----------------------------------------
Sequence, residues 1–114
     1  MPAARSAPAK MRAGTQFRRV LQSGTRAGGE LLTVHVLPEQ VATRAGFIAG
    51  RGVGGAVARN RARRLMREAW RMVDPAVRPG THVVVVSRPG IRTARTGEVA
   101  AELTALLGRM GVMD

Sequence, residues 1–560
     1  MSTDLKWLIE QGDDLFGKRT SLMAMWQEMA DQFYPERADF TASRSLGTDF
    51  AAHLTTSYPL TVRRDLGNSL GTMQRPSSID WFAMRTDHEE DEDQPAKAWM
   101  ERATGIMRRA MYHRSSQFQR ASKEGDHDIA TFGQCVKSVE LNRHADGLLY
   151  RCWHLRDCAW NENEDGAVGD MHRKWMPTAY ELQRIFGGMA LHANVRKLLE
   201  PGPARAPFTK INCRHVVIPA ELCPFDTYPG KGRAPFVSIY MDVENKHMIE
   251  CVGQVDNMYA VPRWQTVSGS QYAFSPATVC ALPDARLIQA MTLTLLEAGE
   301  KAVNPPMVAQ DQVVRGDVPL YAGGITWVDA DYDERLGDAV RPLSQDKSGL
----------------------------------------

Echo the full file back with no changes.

Sequence, residues 1–114
     1  MPAARSAPAK MRAGTQFRRV LQSGTRAGGE LLTVHVLPEQ VATRAGFIAG
    51  RGVGGAVARN RARRLMREAW RMVDPAVRPG THVVVVSRPG IRTARTGEVA
   101  AELTALLGRM GVMD

Sequence, residues 1–560
     1  MSTDLKWLIE QGDDLFGKRT SLMAMWQEMA DQFYPERADF TASRSLGTDF
    51  AAHLTTSYPL TVRRDLGNSL GTMQRPSSID WFAMRTDHEE DEDQPAKAWM
   101  ERATGIMRRA MYHRSSQFQR ASKEGDHDIA TFGQCVKSVE LNRHADGLLY
   151  RCWHLRDCAW NENEDGAVGD MHRKWMPTAY ELQRIFGGMA LHANVRKLLE
   201  PGPARAPFTK INCRHVVIPA ELCPFDTYPG KGRAPFVSIY MDVENKHMIE
   251  CVGQVDNMYA VPRWQTVSGS QYAFSPATVC ALPDARLIQA MTLTLLEAGE
   301  KAVNPPMVAQ DQVVRGDVPL YAGGITWVDA DYDERLGDAV RPLSQDKSGL